Tip: a quick way to select a layer (ie “Chris”, “Herron” or the Heron Bird), do a right click on the layer you want to select, with the Move Tool selecte. You should get a little menu that has name of the layer you want to edit, select it.
You can also put in more vertical and horizontal guides, this helps to get things lined up. I quite like the dot of the “i” in “Chris” to line up with the Heron’s beak. Spend some time looking at the characters, the Heron and start to line things up. You can move things slightly, or you can resize things slightly. After a while you start to get a “feel” for it.
Tip: when resizing hold down the shift key and resize from any corner. This will preserve the “aspect-ratio” of the object your resizing. In laymans terms, aspect ratio is the object’s relative dimensions (width vs height), which will remain the same by holding down shift key.
The Heron bird’s feet are lined up with the bottom of the word “Herron”. Keep on lining things up letters against letters, making minor adjustments, resize the graphic, until your happy. Often I’ll take frequent breaks, make a cup of coffee/tea etc, come back and I’ll see another slight adjustment.
Tip: Photoshop doesn’t always display exactly what the finished image will look like on screen. When I want to check how it really looks or think I’m nearly finished, do a File->Save As, change file type to JPG and save it (eg “temp.jpg”). Then locate and open the file you’ve saved in Windows image viewer, and check it. Like a kind of proofing process I guess. You’ll usually find it looks better than it does in Photoshop.
Before progressing onto the next step (adding a stroke), save your Photoshop project .PSD file, and then save it again as “Heron Logo2”. This way you have the original, and a backup that you’re working with. This is in case you want to go back and make changes to the text, font etc.
We need to merge the layers, before we can do this we need to “rasterize” them. Rasterizing means converting into pixels, which text/vector graphic isn’t until you you rasterize it. And no it has nothing to do with Jamaican gentlemen:)
To do this you need to go to your layers, and select them all, do this by clicking on the layers (one by one) whilst holding the control key. Then right click, select “Rasterize Layers”, then right click again “Merge layers”
Now right click again on the new single (merged) layer, and select blending options. Check and select “Stroke”, change stoke size to 30px and change colour to white.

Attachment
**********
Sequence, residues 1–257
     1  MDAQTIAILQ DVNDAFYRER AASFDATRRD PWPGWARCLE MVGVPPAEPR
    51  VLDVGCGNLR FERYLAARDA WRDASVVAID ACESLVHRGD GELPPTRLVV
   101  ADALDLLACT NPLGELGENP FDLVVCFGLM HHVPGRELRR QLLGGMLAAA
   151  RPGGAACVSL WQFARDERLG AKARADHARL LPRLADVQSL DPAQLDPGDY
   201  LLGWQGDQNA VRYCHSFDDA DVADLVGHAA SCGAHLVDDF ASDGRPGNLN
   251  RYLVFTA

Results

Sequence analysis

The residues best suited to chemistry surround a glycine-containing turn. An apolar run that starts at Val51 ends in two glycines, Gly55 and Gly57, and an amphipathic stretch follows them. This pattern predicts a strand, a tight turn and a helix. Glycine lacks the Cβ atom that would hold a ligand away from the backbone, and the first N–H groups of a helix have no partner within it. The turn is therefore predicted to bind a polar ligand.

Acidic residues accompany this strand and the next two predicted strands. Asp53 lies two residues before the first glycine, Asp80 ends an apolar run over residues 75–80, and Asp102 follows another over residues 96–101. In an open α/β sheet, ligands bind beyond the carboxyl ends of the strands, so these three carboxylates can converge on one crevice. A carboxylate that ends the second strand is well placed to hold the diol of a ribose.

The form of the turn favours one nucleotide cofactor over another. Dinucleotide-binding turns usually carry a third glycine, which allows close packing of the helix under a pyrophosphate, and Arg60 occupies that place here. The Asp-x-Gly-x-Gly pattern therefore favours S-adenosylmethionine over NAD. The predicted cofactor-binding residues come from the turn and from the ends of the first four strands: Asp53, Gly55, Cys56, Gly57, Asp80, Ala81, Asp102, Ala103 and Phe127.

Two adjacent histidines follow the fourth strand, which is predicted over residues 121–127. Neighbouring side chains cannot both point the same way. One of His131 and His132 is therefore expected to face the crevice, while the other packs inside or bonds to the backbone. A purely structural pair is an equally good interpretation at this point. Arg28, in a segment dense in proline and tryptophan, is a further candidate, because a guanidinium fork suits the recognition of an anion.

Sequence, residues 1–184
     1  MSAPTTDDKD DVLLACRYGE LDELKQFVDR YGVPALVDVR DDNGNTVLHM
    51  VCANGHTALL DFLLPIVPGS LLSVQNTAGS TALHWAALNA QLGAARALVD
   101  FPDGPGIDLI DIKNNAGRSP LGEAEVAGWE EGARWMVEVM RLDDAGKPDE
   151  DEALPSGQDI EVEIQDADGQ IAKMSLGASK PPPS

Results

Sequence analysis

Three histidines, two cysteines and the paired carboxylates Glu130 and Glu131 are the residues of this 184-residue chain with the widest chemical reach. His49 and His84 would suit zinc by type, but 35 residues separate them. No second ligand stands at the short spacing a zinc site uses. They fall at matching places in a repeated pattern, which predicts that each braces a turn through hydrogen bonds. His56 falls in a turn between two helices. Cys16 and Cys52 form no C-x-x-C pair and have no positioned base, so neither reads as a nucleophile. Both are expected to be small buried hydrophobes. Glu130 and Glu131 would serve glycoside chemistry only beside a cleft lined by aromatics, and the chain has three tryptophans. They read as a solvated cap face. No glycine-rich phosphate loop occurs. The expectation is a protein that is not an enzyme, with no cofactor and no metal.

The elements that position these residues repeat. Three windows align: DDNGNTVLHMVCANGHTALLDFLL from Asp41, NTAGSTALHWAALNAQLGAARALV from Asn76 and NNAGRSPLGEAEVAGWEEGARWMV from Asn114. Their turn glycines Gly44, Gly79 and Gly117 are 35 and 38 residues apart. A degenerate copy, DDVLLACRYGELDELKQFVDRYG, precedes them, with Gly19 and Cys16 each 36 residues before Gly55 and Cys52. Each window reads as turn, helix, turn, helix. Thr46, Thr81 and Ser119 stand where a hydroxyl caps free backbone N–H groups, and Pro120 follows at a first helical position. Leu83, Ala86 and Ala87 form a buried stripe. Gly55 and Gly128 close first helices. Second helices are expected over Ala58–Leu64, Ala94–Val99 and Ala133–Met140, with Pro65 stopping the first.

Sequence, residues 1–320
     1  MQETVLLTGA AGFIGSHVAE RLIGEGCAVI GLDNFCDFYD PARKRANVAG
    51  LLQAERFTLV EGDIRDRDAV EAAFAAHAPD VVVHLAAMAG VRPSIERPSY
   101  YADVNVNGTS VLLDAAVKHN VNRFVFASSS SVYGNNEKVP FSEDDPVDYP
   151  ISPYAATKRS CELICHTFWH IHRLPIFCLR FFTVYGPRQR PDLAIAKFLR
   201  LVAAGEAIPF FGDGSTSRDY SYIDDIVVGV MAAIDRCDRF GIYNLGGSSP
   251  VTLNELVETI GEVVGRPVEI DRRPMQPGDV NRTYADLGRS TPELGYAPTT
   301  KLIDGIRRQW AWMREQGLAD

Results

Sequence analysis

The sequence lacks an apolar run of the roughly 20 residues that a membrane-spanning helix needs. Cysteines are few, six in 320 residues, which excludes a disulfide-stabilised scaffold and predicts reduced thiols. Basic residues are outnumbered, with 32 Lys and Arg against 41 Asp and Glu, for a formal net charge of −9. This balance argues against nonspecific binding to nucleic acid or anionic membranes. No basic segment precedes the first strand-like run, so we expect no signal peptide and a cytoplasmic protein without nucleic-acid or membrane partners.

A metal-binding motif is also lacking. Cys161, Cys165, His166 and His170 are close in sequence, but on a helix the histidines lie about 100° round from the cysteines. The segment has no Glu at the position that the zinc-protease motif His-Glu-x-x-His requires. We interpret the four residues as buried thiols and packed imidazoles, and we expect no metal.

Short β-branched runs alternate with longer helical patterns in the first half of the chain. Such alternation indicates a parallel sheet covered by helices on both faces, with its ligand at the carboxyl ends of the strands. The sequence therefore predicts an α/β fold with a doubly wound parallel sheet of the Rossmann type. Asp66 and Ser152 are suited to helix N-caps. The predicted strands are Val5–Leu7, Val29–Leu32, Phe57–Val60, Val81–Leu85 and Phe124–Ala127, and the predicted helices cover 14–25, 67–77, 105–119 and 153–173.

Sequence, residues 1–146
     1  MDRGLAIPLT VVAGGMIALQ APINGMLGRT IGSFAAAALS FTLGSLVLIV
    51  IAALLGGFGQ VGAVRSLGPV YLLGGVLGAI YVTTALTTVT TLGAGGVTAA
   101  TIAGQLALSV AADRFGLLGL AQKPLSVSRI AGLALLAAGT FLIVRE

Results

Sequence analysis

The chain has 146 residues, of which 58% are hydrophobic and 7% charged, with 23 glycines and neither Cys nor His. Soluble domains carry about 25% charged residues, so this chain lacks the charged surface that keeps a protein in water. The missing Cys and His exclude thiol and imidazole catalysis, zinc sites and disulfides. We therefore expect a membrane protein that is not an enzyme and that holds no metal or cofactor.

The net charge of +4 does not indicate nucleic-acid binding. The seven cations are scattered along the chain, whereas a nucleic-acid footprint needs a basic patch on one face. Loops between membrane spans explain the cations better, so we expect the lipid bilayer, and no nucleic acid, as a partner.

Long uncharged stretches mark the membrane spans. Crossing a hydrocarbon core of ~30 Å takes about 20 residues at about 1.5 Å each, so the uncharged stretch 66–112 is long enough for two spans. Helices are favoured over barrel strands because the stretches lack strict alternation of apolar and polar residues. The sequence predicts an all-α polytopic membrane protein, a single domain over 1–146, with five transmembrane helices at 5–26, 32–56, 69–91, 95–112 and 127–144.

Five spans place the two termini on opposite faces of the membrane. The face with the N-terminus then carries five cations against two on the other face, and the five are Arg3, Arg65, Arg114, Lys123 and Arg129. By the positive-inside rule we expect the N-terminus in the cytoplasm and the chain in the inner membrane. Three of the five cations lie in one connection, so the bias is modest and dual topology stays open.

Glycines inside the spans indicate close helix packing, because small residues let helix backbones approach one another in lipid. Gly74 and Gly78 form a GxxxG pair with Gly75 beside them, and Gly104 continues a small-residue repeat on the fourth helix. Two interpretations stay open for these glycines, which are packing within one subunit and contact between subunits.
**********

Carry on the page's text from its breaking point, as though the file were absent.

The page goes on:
The reason we do this “stroke” around the logo, is so that it doesn’t blend into the background when we add it to a photograph. That’s it.
You could save and use direct from a .PSD file.
Or if you prefer to save to a .PNG file, use File->Save For Web, select PNG 24 bit and then you have a .PNG file to use as well (you could reduce the pixel size here to suit your purposes). Don’t forget to check “Transparency”. Also uncheck “Convert to sRGB” and in preview use “Monitor Color” It needs to be .PNG or .PSD so that we preserve the transparency (the see-through background)
.JPG doesn’t do transparent background so don’t save it as a .JPG
To use the logo back in Photoshop, load a photograph that you want to apply the logo. Drag & drog the logo (.PSD or .PNG), resize and position to suit. Then I reduce the opacity of the logo by eye, which is usually around 50%, so that it blends in better rather than becoming the subject of the photograph.
Here’s the finished logo, and the original one that I did in Illustrator for Chris. I didn’t turn down the opacity which I’d recommend doing “in real life” for adding the logo to a photo.
Although there’s quite a lot of steps, it’s actually relatively straightforward to produce a logo in Photoshop. Obviously you could use a different animal or picture in your logo. You could also use a different font.
Hopefully this how-to could form the basis of you being able to create your own logo, with you own picture.
If you’re a perfectionist like me then you might want to use a Vector art package such as Adobe Illustrator or the FREE Inkscape to create your logo. From that you can create a .EPS file or a .AI file that can be dragged and dropped straight into Photoshop (or GIMP). The rationale for creating a vector is that it is scalable to any size. So if for some reason your work will end up on a 50 foot billboard, then you will already have a logo to go on it:)
Resources & Sources
Unless otherwise indicated, all original photographs sourced from THE PUBLIC DOMAIN such as Google Images.
If you want to reuse anything here, please could you reference back to this post with a link, and credit to the author.
Lastly here is a 1200×2000 .PNG file (transparent background) you can use if you want to try this tutorial: